It was my first hunt in eastern Oregon with my dog, Echo. She was eight months old. By now she had two months of hunting in western Oregon, behind her, but the terrain and habitat we hunted in the Umatilla Valley of eastern Oregon was different than anything she’d experienced. Here, it was dry and rocky with lots of different grasses.
The valley was laden with pheasant and valley quail, and we found chukars higher in the hills. There were plenty of ducks on the river, which we jump shot and Echo retrieved. We had a good hunt and I learned a lot about taking my pup into a new place for the first time.
Whether you’re embarking upon your pup’s first hunt, or heading to a new destination this season, there are certain things to consider.
Echo is a pudelpointer with a medium length coat. Before the hunt I plucked the long hair from inside her ears in order to prevent grass seeds from getting caught and potentially burrowing in deeper. I started plucking her ear hair when she was a puppy, so she was used to it. It’s something I still do every few weeks, and she’s nine years old now.
If you have trouble grabbing the hair inside the ear canal, get a hemostat. With this you can grab the hair and twirl it around the end of the hemostat, just as you’d twirl spaghetti on to a fork. The hair should pull out as you roll it tight, but if not, give it a quick tug.
Seeds that have the potential of burrowing, like foxtail, can do severe damage to a dog, especially if they get deep into the ear canal. They’ll also enter the body through the foot and burrow into muscles and joints.
When hunting or training in areas where foxtail seeds are present, regularly check the dog’s eyes, nose and mouth for the seeds, along with the paws and belly. Remove these barbed, needle-sharp seeds, immediately, no matter where on the dog they may be. If one burrows into the dog, get it to a vet within five days. If it doesn’t look like the seed is going to fester out, it may need to be surgically removed and your pup put on antibiotics. With the country’s dry conditions, harmful grass seeds are at an all-time high in many regions.
If it’s long, you’ll want to trim the hair between the toes and pads of your dog. Not only can foxtail seeds get caught and burrow into the webbing between the toes, but any seed can get caught in the long hair and ball- up, making it uncomfortable on your dog. It can actually wear on the skin between the pads to the point your pup might not be able to hunt.
Echo has long hair, and due to seeds collecting in her coat on the first morning of our dry country hunt, I put a vest on her the next outing. The vest was fluorescent orange and was noisy. She didn’t like it, and was a totally different dog with it on. She was reluctant to move through any cover, for the sound annoyed her. After an hour of frustration, I removed the vest and she hunted great. I should have done more training with the vest on, prior to her hunting in it.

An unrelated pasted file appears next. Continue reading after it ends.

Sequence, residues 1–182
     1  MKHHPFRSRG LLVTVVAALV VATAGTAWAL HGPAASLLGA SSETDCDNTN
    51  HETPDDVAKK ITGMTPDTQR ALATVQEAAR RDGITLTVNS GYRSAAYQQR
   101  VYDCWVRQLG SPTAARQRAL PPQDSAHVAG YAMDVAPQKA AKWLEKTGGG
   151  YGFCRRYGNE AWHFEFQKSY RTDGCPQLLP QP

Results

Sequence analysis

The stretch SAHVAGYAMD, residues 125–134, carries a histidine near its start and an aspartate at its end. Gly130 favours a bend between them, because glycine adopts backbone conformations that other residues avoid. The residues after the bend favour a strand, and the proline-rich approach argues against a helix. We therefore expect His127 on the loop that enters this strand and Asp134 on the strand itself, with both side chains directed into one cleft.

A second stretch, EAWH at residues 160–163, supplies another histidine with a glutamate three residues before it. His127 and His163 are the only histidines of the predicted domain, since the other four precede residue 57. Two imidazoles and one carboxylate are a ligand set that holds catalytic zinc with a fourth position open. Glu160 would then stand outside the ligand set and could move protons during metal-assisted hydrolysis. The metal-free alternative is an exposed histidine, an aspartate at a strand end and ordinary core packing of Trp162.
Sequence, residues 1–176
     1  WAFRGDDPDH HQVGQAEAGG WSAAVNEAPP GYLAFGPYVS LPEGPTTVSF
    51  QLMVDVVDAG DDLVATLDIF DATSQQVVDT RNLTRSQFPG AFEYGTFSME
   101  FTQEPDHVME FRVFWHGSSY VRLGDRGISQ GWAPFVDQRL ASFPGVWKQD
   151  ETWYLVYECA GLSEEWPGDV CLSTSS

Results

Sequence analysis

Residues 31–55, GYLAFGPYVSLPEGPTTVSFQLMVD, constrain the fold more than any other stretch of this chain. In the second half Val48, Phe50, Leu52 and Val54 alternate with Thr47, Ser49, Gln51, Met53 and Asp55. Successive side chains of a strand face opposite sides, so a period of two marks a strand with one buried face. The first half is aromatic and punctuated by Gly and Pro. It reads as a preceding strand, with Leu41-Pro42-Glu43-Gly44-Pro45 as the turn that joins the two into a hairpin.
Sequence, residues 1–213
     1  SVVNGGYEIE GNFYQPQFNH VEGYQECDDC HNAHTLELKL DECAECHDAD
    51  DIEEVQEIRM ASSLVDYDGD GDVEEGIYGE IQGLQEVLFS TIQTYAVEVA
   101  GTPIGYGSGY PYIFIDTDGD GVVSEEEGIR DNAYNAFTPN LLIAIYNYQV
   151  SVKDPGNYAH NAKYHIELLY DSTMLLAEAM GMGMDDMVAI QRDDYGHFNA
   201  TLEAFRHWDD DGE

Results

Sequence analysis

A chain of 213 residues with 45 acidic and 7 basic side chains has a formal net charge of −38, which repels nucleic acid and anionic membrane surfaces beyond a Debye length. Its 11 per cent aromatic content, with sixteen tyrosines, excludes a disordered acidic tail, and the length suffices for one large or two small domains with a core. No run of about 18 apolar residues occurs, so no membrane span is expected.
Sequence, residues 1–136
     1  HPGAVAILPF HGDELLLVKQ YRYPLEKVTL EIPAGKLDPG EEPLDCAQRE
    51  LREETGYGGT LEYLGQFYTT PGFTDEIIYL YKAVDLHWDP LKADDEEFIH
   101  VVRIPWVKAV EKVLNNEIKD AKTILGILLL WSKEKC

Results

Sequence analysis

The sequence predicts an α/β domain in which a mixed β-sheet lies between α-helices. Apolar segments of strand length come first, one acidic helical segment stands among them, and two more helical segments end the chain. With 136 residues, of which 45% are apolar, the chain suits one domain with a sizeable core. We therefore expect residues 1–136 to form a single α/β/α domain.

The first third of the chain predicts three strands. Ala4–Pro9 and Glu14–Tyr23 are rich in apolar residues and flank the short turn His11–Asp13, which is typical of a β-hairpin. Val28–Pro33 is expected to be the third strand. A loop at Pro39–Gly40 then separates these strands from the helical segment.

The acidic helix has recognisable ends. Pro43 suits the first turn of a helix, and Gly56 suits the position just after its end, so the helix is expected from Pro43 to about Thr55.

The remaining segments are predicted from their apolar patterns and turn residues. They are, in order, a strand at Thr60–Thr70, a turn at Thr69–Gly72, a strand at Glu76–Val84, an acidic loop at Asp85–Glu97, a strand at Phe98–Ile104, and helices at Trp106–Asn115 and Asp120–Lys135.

Many dogs don’t want to take a water break, no matter how hot it is. In hot, dry conditions commonly associated with early season hunts, be sure to make them drink. If your dog is so driven that all it wants to do is hunt, make it stop and sit by your side. Grab the loose skin on the outside corner of the mouth and pull it away from the jaw, then insert the end of the bottle into that pocket and pour away. Your dog will have to drink.
You’ll also want to wet down your dog on hot days to keep their body temperature from getting too high. But don’t just dump water on your dog’s back and call it good because the coats of some dogs will actually trap the water which holds in more heat and can lead to hyperthermia. Instead, get their feet and legs wet, splash water between their legs, in the armpits, and on the belly, and pour and rub some behind their ears; you can rub water on the inside of the ears, too. Getting water to the places where the hair is thin helps quickly cool a dog.
Any time you run across water on hot, early season hunts, make your dog take a break. Make sure the water is fresh and not stagnant. If there’s little or no water where you’re hunting, take plenty along for your dog.
Dogs are like humans in that they need to stay hydrated. The harder the dog works and the hotter it is, the more water they need. Be on constant alert for signs of heat heat exhaustion, like heavy panting and a relaxed tongue hanging out of the mouth.
Taking a hair brush into the field isn’t a bad idea. If your dog gets into a thicket of seeds, it’s much quicker brushing them out or using a razor brush to cut them out, than pulling them by hand. You may need to shave your dog before hunting season.
If hunting in dry, rocky terrain, take along dog boots, especially if your dog’s pads aren’t toughened up. If a dog’s feet split open, they are out of commission, period.
Having some ointment to apply to open wounds is a must, as is taking an antiseptic spray. I also carry eye drops, for if they get an allergic reaction, I want to be ready.
With the height of bird season upon us, head afield prepared. Be sure to have all the gear you and your pup need for a fun, safe, successful season.